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The safety of same-day discharge after percutaneous coronary intervention (PCI) has been evaluated in small, single-center studies. We performed a meta-analysis to assess outcomes of same-day discharge in a range of practice settings.
37 studies were included for analysis. Demographics, procedural characteristics, and outcome variables including death, myocardial infarction (MI), target lesion revascularization (TLR), stroke, bleeding, vascular complications, and readmission were collected. Primary study endpoints were a composite of death/MI/TLR and a composite of major bleeding/vascular complications.
We included 7 randomized trials (RCT)(2,738 patients) and 30 observational studies (10,065 patients). Mean age was 60.9 (RCT) and 62.4 years (observational). Most patients underwent PCI for stable angina (66.4% RCT, 97.5% observational). Primary access was predominantly transradial in RCT (60.8%) and transfemoral in observational cohort (70.0%). In RCT, there was no difference between groups in primary or secondary endpoints (Table 1). In observational studies, the primary endpoint death/MI/TLR occurred at a pooled rate of 1.00% (95% Confidence Interval (CI) 0.58-1.68) and major bleeding/vascular complications at a pooled rate of 0.68% (95% CI 0.35-1.32).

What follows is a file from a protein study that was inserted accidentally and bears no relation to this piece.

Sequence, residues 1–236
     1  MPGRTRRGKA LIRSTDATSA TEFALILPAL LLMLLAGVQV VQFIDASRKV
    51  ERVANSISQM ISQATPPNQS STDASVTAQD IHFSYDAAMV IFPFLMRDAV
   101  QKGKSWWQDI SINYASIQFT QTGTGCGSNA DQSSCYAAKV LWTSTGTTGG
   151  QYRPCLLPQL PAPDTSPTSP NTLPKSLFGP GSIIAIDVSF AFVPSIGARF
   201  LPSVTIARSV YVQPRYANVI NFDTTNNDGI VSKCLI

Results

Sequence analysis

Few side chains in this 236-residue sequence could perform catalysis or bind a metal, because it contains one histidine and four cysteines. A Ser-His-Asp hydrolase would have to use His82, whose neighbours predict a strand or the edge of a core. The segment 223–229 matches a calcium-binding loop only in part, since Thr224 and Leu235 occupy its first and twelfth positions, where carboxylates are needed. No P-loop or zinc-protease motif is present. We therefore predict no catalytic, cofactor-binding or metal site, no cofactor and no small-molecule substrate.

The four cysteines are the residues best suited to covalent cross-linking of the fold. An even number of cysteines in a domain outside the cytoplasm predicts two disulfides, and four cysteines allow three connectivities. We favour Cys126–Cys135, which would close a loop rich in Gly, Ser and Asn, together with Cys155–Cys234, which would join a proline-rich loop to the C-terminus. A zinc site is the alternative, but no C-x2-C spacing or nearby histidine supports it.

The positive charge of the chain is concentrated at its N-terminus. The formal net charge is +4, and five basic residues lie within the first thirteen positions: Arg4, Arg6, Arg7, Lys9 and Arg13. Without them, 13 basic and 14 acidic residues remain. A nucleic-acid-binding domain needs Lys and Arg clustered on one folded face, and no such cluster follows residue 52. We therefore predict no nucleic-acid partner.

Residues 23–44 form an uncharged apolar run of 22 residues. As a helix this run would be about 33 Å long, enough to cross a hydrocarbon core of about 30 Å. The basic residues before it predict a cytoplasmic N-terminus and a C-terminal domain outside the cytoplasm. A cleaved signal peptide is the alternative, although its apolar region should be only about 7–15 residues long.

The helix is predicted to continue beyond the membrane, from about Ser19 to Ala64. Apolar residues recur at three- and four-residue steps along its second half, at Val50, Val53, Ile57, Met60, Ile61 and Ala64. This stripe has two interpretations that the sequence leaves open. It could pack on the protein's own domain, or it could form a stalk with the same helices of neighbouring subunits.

Same-day discharge after PCI is associated with a low rate of major complications, and appears as safe as routine overnight observation in selected patients.
West, Room 3014
Saturday, March 09, 2013, 9:15 a.m.-9:30 a.m.
Session Title: The Cutting Edge in Revascularization for SIHD
Abstract Category: 10. Chronic CAD/Stable Ischemic Heart Disease: Clinical
Presentation Number: 910-8
- 2013 American College of Cardiology Foundation